Gov. Jerry Brown, who declared a drought emergency earlier this year, is urging residents to voluntarily reduce water use.
AMSTERDAM (AP) -- Royal Philips NV says it will spin off its lighting division and the rest of its operations into two separate companies, continuing a radical reshaping of one of Europe's best-known corporations.
Tuesday's announcement follows the decision in June to spin off its lighting components arm, and it is no longer clear whether Philips is the world's largest lighting manufacturer, though it is a leader in cutting edge LED lighting technology
Chief Executive Frans van Houten said the company's consumer division -- which makes a range of household products such as coffee makers and shavers -- and its health care division will operate as a single "HealthTech" company. Both the lighting and HealthTech company will continue to use the Philips brand.WALL STREET-PROTEST
NEW YORK (AP) -- More than 100 people have been arrested in a sit-in protest in Manhattan's financial district in New York.
More than 1,000 activists blocked parts of Broadway Monday to protest what they see as the roles of corporate and economic institutions in the climate crisis.
The sit-in followed Sunday's march in which more than 100,000 people warned that climate change is destroying the Earth.
OVERSEAS TAX BREAKS
WASHINGTON (AP) -- The Obama administration is cracking down on American companies that are trying to reincorporate overseas to avoid paying U.S. taxes.
In a so-called "tax inversion," a U.S. business merges with or is acquired by a foreign company in a country with a lower tax rate.
The Treasury Department says it's putting forward regulations that will make inversions less lucrative by barring some of the techniques companies use to defer their taxes. It's also making it harder for companies to pursue an inversion by tightening the requirement that the company's former owners own less than 80 percent of the new company.
Treasury Secretary Jacob Lew says the steps will ensure that it's no longer financially beneficial for companies to use that tactic.
The new measures will take effect immediately.
DETROIT WATER SHUTOFFS
DETROIT (AP) -- Detroit's water department is defending its policy of cutting off service to people with unpaid bills. It says continuing to provide free service to those households could be "very devastating" to the department's budget.
An attorney for the water department told a judge Monday that "humanitarian concerns are very compelling," but that so is fairness.
After thousands of shutoffs earlier this year, there were protests and appeals -- including one to the United Nations.
The judge hearing the city's bankruptcy trial set aside that case Monday to hear evidence in the water controversy. A coalition representing low-income residents is asking the judge to suspend water shutoffs, and to restore service to people who have lost it.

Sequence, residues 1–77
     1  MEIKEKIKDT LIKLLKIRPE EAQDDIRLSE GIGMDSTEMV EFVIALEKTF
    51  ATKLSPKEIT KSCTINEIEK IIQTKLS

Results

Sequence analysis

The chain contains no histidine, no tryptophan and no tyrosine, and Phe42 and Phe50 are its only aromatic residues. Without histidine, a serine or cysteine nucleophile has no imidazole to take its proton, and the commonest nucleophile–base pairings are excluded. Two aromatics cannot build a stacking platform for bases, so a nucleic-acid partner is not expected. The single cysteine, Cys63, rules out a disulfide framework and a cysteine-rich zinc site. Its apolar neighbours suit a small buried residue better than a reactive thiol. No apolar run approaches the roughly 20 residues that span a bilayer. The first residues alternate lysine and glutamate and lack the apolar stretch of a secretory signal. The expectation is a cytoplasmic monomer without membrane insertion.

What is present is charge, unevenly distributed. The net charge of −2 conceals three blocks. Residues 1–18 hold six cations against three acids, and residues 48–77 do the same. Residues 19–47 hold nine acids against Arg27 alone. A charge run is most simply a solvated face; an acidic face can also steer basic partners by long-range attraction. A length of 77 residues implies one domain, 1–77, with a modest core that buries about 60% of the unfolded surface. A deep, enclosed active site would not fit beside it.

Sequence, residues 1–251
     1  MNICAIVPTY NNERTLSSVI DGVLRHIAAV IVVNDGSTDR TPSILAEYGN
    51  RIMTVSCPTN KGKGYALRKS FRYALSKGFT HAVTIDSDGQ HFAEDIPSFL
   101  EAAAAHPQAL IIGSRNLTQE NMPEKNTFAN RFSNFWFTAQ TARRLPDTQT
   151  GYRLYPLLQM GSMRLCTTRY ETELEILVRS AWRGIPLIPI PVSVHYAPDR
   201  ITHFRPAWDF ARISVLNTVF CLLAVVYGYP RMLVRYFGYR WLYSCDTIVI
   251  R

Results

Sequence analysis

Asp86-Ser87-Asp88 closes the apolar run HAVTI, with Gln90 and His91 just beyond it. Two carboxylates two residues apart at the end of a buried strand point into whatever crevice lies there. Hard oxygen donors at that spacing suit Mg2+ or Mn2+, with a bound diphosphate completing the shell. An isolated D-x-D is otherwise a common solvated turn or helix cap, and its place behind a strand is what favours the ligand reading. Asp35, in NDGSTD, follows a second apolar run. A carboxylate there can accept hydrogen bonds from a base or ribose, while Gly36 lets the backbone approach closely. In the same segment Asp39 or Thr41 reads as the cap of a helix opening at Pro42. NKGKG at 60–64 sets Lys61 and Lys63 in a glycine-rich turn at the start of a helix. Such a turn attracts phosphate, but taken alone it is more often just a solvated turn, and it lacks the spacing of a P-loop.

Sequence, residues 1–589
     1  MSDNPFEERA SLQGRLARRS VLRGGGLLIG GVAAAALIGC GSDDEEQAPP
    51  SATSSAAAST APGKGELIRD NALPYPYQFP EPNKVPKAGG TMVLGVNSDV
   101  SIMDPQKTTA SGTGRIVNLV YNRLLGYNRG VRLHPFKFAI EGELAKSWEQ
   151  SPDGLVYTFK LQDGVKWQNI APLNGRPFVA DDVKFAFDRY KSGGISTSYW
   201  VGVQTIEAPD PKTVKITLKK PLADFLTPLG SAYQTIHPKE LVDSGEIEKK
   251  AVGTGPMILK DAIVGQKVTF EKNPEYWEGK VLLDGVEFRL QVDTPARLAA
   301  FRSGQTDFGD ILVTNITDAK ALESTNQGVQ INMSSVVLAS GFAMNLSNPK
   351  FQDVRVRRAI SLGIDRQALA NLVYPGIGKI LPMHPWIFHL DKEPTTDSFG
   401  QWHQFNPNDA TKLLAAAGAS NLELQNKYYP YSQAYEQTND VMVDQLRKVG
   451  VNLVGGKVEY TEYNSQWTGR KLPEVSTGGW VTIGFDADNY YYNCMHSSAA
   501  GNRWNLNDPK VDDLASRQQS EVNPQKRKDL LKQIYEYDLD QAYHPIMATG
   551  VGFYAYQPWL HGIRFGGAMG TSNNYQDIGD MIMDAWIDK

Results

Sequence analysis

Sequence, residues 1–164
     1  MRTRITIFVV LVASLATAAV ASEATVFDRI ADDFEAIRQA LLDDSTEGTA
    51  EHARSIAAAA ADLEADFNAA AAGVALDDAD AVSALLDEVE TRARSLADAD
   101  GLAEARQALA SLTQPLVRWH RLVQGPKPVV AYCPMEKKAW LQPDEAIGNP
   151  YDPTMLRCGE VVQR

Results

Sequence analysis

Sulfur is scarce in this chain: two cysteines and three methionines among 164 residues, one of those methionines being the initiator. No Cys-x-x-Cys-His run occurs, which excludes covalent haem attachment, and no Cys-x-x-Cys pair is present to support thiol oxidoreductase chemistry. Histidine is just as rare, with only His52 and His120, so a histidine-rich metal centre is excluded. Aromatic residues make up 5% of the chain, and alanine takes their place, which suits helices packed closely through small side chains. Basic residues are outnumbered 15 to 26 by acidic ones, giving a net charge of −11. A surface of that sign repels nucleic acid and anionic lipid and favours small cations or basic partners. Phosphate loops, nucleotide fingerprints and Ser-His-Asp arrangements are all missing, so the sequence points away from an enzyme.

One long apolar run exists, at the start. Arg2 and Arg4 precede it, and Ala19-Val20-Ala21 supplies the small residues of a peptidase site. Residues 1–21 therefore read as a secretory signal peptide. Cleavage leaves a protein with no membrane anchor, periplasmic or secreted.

The attorney for the water department said it would be violating state law, and breaking agreements with bondholders, if it's forced to supply water and ignore bills that are overdue.
An economist who testified on behalf of critics of the water shutoff policy said a consumer's income should be a factor in how the city regularly collects water bills.
The hearing will end today after testimony from water department officials and closing arguments.
CANANEA, Mexico (AP) -- Authorities in northern Mexico have issued a binational alert over contamination from a copper mine that spilled into a waterway that flows into Arizona.
Carlos Jesus Arias is director of the Sonora state civil protection agency. He says contamination from the Buenavista del Cobre mine in the city of Cananea has made it into the San Pedro River.
Officials haven't said how much leaked, or what was in the contaminants.
The mine is operated by Grupo Mexico. It issued a statement Sunday saying storm water overflow linked to the recent passage of Hurricane Odile (oh-DEEL') caused mine water to leach into some creeks and streams.
Civil protection officials are urging residents to avoid using the local water.
WASHINGTON (AP) -- The Securities and Exchange Commission is giving its biggest award yet, about $30 million, to a whistleblower who provided key information that led to an enforcement action in a fraud case.
The agency announced the award Monday. It was the SEC's 14th whistleblower award under a program adopted in 2011 and the fourth award to a whistleblower living in a foreign country. The nature of the enforcement action and the identity of the whistleblower weren't disclosed.
Under the program, tipsters who report corporate fraud or other misconduct are eligible if they give the SEC information that leads to an enforcement action resulting in more than $1 million in penalties. They can receive from 10 to 30 percent of the money the SEC recovers from a company or person.